Tuesday, August 21, 2012

Lots of campaign news

It's still only August, the conventions haven't taken place yet, everybody's on vacation, and yet we are awash in campaign news.

Afghanistan:
Mitt Romney is asked about his Afghanistan policy, and makes a statement about withdrawing troops and turning the job over to the Afghans. It's a statement that sounds a lot like what President Obama is already doing, though of course Romney is quick to mention that Obama is doing it all wrong. Then Romney says he'll get more specific after he's elected. Really Mitt? You want to criticize the president but you refuse to explain in any way what you would do differently? Obama campaign spokeswoman Lis Smith issues the following statement: 
That’s simply not enough from someone running to be Commander-in-Chief. The truth is that Romney has refused to put forth a plan for what he would do in Afghanistan. If he does have some secret plan, he owes it to our men and women in uniform to tell them.
Are people really going to put their trust in secret plans? Maybe a lot of voters don't remember 1968, when Nixon got elected based on a secret plan to end the Vietnam War. It took him four whole years to execute on that plan, at a cost of many thousands of American lives, and we ended the war on essentially the same terms we could have gotten in 1968.

Lies
Then there's the controversy over historian Niall Ferguson's hatchet job of a cover story in Newsweek, the gross errors in which have been thoroughly exposed elsewhere. What I learned today is that Newsweek has no fact-checking department, but relies entirely on its writers to deliver accurate information. That's kind of shocking in itself. What I'd like to ask Ferguson, and the Republican ticket he supports, is why it is necessary to lie about easily-verifiable facts like the CBO estimates of the budget impacts of the Affordable Care Act.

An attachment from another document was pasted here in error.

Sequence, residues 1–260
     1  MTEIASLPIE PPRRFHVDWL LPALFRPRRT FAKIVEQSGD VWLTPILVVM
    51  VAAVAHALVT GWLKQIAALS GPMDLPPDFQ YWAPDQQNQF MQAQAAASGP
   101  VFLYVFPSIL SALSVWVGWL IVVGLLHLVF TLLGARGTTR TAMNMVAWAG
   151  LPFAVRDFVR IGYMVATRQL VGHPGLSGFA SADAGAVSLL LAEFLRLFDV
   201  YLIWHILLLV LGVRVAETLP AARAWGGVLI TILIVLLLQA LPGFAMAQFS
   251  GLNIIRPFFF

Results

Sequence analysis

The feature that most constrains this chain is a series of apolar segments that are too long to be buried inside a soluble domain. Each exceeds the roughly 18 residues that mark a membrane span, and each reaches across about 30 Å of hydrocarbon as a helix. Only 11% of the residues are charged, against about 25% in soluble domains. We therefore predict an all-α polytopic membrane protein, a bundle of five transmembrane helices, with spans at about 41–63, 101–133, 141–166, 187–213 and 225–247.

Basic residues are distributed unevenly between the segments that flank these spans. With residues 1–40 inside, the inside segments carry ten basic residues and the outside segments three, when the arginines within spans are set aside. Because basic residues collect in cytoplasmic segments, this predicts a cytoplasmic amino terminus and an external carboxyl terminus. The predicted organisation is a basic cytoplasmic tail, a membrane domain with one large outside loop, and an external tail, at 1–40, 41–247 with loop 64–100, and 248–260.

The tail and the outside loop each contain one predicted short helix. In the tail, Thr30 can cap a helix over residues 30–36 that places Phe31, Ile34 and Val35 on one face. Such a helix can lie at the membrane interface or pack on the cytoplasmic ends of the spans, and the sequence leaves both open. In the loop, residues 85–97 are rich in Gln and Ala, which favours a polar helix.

Look Niall, if you don't think the government should be trying to make health insurance available to all Americans, just say that you have a philosophical disagreement with the administration. If you have to lie about the cost of the ACA, that only means you have no confidence that your philosophical argument will prevail with voters, and that you have to mislead them in order to persuade them of your views. Hopefully people will understand that is what you are doing.

Abortion
Let's move on to the quagmire of abortion, in which the Romney campaign is starting slowly to sink. They tried to distance themselves from the comments of Todd Akin, who professes to believe that women hardly ever get pregnant from "legitimate" rape. Trouble is, if Romney and Ryan agree with the scientific evidence that women can just as easily get pregnant from non-consensual sex as from the consensual variety, doesn't that almost make the predominant Republican position on this issue--that abortion is only justified to save the life of the mother--even less humane than Akin's view? At least Akin thinks that we should hardly ever force women to carry their pregnancies to term if they have been "legitimately" raped, because he supposedly believes that they hardly ever get pregnant in that situation. But if Romney and Ryan understand that lots of women do in fact get pregnant as a result of rape, how do they justify their support of the doctrinaire Republican position?